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What is the etymology of the phrase "what's-someone's-chops"?

Grey Cooper? The one who's married to Amanda what's-her-chops?

What's his chops from Green Day has perfect pitch!

Apart from what's his chops six shooter, which is actually pretty good, but the other weapons suck.

Your correspondent goes through a minimum of three bottles of the stuff every Christmas which makes it just as literary as Hemingway's daiquiris or the vile Pink Lady cocktails Zelda and what's his chops Fitzgerald used to drink.

  • Hi Faemu! Where did you already look for an answer and what have you found, so far? This information should be in your question or you might risk it being closed for lack of research. – Kristina Lopez Jul 14 '16 at 13:37
  • This is potentially a good question, please include your source. – user66974 Jul 14 '16 at 14:00
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    This is purely speculative, and something I might poke about at later when I've time: I've seen elsewhere reference to 'earning one's chops being related to a term for personal seals in east asia. en.wikipedia.org/wiki/Seal_(East_Asia) ? (see the last para before the 'contents' box for 'chop' reference). I can imagine it being a British colonial sort of expression that peoplel resorted to when unable to recall the unfamiliar syllables of non-anglo names. – Spagirl Jul 14 '16 at 14:58
  • What research? There is absolutely nothing on the Internet and in the dictionary about this phrase. I've heard it on TV, in the TV series called Lucifer (the first passage). The main character used it. The other sentences is some random stuff I dug up from the Internet. There didn't seem to be a lot of entries with that phrase in Google. Thank you, Spagirl. This sounds quite plausible. – Fae Jul 14 '16 at 22:22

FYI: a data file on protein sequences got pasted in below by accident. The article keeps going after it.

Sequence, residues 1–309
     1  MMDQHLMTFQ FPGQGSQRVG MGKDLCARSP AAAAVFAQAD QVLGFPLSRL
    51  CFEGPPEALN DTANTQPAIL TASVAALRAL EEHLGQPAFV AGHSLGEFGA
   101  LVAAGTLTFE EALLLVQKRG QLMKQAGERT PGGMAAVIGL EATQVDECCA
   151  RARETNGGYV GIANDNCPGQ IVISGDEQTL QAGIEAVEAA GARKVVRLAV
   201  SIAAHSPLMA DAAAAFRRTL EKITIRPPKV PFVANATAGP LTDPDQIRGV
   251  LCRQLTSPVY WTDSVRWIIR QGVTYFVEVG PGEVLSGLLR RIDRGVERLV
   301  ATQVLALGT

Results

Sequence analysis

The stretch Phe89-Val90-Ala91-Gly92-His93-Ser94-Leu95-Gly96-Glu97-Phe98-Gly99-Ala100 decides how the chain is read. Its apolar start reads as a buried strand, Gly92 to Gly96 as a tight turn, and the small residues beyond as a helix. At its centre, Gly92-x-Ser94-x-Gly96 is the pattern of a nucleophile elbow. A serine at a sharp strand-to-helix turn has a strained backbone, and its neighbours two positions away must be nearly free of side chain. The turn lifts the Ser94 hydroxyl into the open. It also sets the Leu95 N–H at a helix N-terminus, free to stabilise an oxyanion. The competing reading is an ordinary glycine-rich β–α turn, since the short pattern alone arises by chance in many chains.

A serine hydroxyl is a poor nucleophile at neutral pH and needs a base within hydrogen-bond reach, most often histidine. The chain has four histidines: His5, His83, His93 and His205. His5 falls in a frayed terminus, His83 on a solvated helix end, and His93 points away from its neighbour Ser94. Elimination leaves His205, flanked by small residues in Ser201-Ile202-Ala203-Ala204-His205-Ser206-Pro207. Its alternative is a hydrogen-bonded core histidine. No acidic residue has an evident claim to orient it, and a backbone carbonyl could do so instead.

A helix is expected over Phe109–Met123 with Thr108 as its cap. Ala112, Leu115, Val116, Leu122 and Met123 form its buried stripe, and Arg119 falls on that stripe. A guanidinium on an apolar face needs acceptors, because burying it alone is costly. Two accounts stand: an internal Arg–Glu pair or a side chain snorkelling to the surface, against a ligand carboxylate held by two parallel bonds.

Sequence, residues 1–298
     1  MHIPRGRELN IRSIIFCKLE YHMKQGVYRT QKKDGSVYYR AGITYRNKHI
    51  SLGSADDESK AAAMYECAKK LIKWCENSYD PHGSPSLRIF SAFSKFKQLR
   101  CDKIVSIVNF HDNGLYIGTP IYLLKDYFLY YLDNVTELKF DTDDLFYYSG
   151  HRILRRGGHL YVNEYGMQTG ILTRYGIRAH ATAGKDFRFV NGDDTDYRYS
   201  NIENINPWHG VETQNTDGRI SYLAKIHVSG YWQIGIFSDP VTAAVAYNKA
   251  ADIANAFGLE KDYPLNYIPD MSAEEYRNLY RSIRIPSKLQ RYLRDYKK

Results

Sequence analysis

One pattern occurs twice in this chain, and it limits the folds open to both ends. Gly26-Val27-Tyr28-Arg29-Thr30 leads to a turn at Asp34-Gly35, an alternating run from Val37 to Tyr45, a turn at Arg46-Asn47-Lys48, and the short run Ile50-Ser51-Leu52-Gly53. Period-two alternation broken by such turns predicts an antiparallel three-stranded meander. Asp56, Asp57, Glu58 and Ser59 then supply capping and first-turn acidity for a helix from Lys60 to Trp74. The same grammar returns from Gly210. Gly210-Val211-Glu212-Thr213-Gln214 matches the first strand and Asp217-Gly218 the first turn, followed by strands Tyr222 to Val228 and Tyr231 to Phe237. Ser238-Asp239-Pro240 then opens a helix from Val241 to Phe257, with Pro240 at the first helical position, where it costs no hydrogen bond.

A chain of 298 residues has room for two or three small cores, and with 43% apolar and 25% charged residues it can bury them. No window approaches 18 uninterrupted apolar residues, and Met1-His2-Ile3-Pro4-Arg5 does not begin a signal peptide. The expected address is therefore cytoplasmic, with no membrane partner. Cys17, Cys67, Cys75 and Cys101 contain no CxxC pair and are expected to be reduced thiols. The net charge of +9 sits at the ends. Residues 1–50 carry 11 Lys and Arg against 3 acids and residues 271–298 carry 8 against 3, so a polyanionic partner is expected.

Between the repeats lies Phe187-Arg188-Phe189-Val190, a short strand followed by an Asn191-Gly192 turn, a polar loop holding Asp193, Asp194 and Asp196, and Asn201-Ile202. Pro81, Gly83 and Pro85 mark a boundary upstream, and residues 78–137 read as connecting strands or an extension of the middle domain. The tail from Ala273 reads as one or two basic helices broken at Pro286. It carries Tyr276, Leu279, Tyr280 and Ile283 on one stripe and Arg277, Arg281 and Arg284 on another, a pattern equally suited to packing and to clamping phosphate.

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I think it's a variant of :

What's his face/What's his name.

Sl. someone whose name has been forgotten; someone whose name is being avoided. Was what's his name there? I never can remember his name. I can't remember what's his face's name either. McGraw-Hill Idioms

And chops can (sort of) mean face :

: The part of an animal's face that covers the jaws.
: A person's jaw — M-W

onlineslangdictionary.com says explicitly that chops can mean :

Noun. Face

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    Yeah, I've never heard "what's his chops", but "what's-his-face" (generally said as one word) is a casual (but not terribly impolite) way to identify someone whose name you can't remember. However, "chops" has easily a dozen diverse definitions, so it's hard to say with any certainty, without having familiarity with the expression. – Hot Licks Jul 15 '16 at 12:21
  • It is worth noting that one meaning of "chops" revolves around skill playing a horn, so "what's-his-chops" might likely be substituted for "what's-his-face" when referring to a musician, in an attempt to add a bit of whimsy. – Hot Licks Jul 15 '16 at 12:25

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